They concluded that we don’t lose our judgement capabilities just because an interface is beautiful. There is a relationship between usability and aesthetics. You can’t just ignore aesthetics, as usability experts argue, and you can’t expect great aesthetics to carry a poor user experience.

Herzberg’s 1964 motivation-hygiene theory posits that certain hygiene factors establish floors, like your job paying you enough money to buy food, whereas additional motivational factors like massage chairs make work more attractive and improve your experience. If you have both, you end up with an awesome experience. Javier says this is what beautiful, useful user experiences can deliver. He refers to the “hedonic quality” and the “pragmatic quality” of a user’s experience. In short, we desire both usability and beauty in our products, and will alter our behavior (buying or not buying that pair of shoes) based on whether that balance has been accomplished.


Q: How does gender play into these findings? Youth?
A: There were no gender effects in their research sample. Javier found that the younger you are, the more critical you are of the experience. Older people are more likely to blame themselves, whereas young people are less forgiving of poor design.

Erhardt: How does this practically impact your product design process?
A: There are methods where you flash people with A/B tested screenshots of your design for snap ratings. Javier says to choose the designs that create an immediate positive first impression. Not all designers like to test their designs and accept the results over their instincts.

Erhardt Followup: Does that mean you’re immediately prioritizing aesthetics over usability?
A: You can test in parallel and establish usability is functional before the aesthetics are tested.

Q: Will we ever be able to computationally generated pleasing design?
A: Yes…but it might stop short of perfect, like Google’s automatic language translation. The algorithm won’t be perfect. But if we learn about certain factors, like visual complexity, colors, font sizes, and placement, you can totally think of algorithms that can incorporate those findings.

Q: What are the paragons of usability and beauty? What websites?
A: I can give you my personal opinion and that shouldn’t be held as a standard.

For me, Google Search is an example of an awesome product. You can get what you want really quickly. You don’t consider it the most beautiful site on the web, but it’s not the worst. A website I don’t like that much is eBay, where I always struggle to accomplish the right tasks and it’s not aesthetically pleasing to look at.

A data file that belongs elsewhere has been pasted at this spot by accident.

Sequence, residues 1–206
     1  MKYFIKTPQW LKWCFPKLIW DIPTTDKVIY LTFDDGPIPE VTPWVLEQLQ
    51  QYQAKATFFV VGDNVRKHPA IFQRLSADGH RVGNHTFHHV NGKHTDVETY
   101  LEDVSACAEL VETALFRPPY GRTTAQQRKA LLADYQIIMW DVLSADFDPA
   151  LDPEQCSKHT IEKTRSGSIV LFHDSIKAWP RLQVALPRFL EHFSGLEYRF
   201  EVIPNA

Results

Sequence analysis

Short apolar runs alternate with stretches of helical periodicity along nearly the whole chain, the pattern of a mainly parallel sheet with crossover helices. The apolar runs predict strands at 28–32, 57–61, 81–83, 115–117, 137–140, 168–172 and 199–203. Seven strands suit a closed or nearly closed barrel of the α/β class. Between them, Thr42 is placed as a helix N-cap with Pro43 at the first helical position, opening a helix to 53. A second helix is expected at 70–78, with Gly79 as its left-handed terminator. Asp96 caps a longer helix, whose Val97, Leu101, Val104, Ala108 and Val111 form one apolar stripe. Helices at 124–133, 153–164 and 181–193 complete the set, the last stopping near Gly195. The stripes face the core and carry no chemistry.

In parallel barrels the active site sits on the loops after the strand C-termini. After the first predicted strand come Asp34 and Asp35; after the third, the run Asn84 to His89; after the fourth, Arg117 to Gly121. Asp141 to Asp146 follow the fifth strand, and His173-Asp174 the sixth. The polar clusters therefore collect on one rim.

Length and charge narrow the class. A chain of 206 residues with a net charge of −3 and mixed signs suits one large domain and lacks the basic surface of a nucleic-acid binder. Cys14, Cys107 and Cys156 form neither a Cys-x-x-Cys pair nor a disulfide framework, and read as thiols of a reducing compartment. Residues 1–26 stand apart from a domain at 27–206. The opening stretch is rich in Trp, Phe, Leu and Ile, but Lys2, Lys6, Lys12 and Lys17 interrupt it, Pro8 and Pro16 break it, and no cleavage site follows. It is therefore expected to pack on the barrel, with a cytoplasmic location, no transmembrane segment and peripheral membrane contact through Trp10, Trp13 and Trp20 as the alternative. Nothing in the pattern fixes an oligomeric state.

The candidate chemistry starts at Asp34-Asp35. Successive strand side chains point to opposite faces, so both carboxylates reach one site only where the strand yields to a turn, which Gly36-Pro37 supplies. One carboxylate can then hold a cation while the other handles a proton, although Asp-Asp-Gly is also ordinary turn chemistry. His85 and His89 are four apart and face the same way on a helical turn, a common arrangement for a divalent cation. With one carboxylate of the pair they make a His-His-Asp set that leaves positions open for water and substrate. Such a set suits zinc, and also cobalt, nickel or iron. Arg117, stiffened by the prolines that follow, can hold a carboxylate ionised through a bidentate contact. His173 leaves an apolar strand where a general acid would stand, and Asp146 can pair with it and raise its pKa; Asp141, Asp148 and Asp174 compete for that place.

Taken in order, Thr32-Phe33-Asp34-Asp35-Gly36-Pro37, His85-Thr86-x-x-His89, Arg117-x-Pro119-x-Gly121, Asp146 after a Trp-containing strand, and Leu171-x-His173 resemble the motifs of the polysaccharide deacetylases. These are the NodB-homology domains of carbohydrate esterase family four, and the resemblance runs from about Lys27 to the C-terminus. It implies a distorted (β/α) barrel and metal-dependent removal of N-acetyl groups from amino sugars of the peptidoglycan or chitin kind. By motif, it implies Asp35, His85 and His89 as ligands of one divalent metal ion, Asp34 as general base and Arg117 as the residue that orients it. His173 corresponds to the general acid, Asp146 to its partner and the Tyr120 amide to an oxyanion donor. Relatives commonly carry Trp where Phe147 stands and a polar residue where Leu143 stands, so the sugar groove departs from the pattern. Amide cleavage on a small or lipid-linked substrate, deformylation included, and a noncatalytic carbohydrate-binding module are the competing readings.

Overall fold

Q: What about sites like Optimizely?
A: We’re skeptical because they’re not transparent about what they’re measuring. Google also doesn’t allow us to upload our assets to third party sites. There are many inexpensive tools with which you can run tests yourself.

Q: Any universal features or elements that predispose people to find something
A: Prototypicality: does a website look like it’s designed like a typical website to do what it’s supposed to do. Is it clearly a shopping site? There’s a lot of data on placement of objects. If you design a shopping cart that doesn’t look like a shopping cart, it will have a negative influence.

About Javier
Javier Bargas-Avila holds a PhD in Cognitive Psychology and works as Senior User Experience Researcher & Manager at Google (Switzerland). Before joining Google he was the manager of the HCI lab at the University of Basel (Switzerland) from 2004 to 2011. He published over 20 peer reviewed papers in HCI journals and conferences covering topics such as user satisfaction, mental models in website perception, first visual impression of websites or webform usability. Since 2011 he is part of the YouTube UX research team, where he currently focuses on internationalization, monetization and analytics.

Specialties: user studies, usability studies, user experience, experimental studies, cognitive psychology, online surveys, online experiments, user satisfaction, web form usability, aesthetics, usability.